Multiple chronic disease doubles in Adelaide's north-west
Tuesday, 1 July 2014
Research from the University of Adelaide shows that the number of people in the north-western suburbs of Adelaide who suffer from more than one chronic disease has doubled in less than eight years.
In a follow-up to the North West Adelaide Health Study, which gathered data from more than 1800 people in 2000-2002, researchers have discovered that the prevalence of multiple chronic diseases (known as "multimorbidity") has jumped from 32% to 64%.
The results of this study, which have been published in the journal PLOS ONE, provide new insights into the kinds of chronic diseases that people with other disease may develop, and how commonly that occurs.
"From our initial study we knew that the prevalence of chronic diseases in this community was already high - almost one third of the sample group had more than one chronic disease. But the results of the follow up study have shown a rapid increase in multimorbidity in a relatively short period of time - almost two thirds of our sample population now has more than one chronic disease," says co-author Professor Robert Adams, Director of the Health Observatory in the University of Adelaide's School of Medicine and the Queen Elizabeth Hospital.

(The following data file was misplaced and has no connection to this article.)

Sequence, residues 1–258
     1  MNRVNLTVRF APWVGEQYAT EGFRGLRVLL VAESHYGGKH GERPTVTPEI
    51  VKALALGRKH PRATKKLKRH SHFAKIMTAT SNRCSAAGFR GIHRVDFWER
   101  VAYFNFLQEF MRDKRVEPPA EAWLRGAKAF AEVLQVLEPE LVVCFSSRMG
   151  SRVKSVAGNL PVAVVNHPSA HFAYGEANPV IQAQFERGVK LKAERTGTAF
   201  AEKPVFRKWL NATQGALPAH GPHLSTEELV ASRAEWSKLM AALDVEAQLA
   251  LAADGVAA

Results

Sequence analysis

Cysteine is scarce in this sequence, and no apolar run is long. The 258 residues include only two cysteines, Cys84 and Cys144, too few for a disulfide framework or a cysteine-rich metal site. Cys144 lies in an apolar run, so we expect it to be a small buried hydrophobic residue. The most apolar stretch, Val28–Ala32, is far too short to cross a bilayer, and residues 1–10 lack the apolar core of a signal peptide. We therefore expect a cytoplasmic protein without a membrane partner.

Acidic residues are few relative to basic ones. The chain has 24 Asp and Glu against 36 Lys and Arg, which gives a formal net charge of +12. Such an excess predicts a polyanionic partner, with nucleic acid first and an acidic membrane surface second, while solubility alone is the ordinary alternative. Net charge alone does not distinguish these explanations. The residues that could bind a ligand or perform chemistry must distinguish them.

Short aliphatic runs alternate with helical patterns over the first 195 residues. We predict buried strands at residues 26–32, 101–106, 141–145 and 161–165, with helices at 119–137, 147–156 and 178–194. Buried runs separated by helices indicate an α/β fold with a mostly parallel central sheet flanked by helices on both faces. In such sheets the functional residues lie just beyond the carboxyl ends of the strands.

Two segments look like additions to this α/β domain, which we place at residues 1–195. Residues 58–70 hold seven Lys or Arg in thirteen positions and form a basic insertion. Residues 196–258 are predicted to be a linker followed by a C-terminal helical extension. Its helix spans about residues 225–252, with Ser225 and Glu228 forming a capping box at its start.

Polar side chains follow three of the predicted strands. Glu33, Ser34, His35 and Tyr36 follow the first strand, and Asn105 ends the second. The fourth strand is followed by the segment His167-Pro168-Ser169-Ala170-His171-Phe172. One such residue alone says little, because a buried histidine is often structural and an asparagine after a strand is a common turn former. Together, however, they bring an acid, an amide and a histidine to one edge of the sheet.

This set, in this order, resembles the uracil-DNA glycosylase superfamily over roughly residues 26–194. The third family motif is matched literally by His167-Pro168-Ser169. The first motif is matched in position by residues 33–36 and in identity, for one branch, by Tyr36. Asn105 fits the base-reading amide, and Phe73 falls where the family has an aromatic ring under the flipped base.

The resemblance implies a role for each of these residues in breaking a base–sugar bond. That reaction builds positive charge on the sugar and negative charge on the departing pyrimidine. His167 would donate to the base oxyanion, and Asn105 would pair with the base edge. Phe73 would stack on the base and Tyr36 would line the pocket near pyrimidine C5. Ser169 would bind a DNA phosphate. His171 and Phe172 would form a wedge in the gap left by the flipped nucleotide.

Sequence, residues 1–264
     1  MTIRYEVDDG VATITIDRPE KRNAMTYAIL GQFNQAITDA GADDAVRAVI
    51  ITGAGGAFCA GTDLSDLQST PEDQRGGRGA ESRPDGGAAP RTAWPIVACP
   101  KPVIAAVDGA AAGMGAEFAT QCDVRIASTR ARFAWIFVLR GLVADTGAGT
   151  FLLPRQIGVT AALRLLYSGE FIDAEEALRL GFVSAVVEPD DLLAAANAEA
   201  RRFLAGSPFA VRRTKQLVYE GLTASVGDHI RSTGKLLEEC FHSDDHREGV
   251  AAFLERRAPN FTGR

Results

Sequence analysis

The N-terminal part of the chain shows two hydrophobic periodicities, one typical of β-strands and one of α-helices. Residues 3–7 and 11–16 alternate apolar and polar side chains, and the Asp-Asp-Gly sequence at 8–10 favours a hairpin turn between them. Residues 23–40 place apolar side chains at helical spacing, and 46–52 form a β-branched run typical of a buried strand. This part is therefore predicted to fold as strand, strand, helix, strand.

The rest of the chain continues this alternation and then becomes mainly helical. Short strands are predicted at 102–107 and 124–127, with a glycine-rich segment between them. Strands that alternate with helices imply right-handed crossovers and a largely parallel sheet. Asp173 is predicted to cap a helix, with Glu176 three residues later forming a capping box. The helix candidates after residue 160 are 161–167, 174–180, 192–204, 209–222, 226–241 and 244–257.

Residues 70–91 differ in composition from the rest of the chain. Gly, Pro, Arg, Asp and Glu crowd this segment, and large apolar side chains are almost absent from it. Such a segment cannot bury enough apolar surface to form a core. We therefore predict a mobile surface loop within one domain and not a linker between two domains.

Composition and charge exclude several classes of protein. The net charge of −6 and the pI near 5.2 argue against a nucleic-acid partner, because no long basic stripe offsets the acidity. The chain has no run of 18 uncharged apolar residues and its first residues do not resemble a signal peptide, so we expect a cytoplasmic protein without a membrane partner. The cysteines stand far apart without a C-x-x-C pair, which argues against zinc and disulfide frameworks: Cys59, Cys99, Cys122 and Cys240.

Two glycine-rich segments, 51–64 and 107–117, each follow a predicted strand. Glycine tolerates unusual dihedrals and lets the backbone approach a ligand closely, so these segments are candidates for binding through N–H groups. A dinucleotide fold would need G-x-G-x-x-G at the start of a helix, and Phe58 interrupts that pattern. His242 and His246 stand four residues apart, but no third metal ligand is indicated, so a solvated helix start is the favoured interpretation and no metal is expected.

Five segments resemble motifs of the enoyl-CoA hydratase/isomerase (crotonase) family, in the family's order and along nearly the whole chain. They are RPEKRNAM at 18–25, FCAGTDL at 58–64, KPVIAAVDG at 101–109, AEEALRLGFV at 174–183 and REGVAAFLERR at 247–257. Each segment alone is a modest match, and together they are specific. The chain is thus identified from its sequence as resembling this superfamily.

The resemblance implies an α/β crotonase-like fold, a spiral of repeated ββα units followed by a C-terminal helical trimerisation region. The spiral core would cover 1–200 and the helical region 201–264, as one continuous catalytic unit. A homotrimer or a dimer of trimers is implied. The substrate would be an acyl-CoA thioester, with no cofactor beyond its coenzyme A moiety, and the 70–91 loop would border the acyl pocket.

"These changes in multimorbidity, and the rapid pace at which they have occurred, have implications for further research and for clinical care," he says.
The eight chronic diseases included in the study were: asthma; cardiovascular disease and stroke; chronic obstructive pulmonary disease (COPD); diabetes; mood and anxiety disorders; other mental health disorders; high blood cholesterol; and high blood pressure.
"The most commonly developed chronic diseases were high blood cholesterol levels and high blood pressure," Professor Adams says.
"The follow up study has highlighted that some specific chronic diseases are associated with the development of other disease. For example, people with asthma are much more likely to develop high blood cholesterol problems; and those with mood and anxiety disorders are much more likely to develop either asthma and other mental health conditions, or both.
"A large proportion of those suffering from mood and anxiety problems (18%) also developed diabetes during the follow up period. This provides a red flag to us to show that new strategies may be needed among those patients to help prevent diabetes."
Director, The Health Observatory, Adelaide Medical School
The University of Adelaide and Queen Elizabeth Hospital
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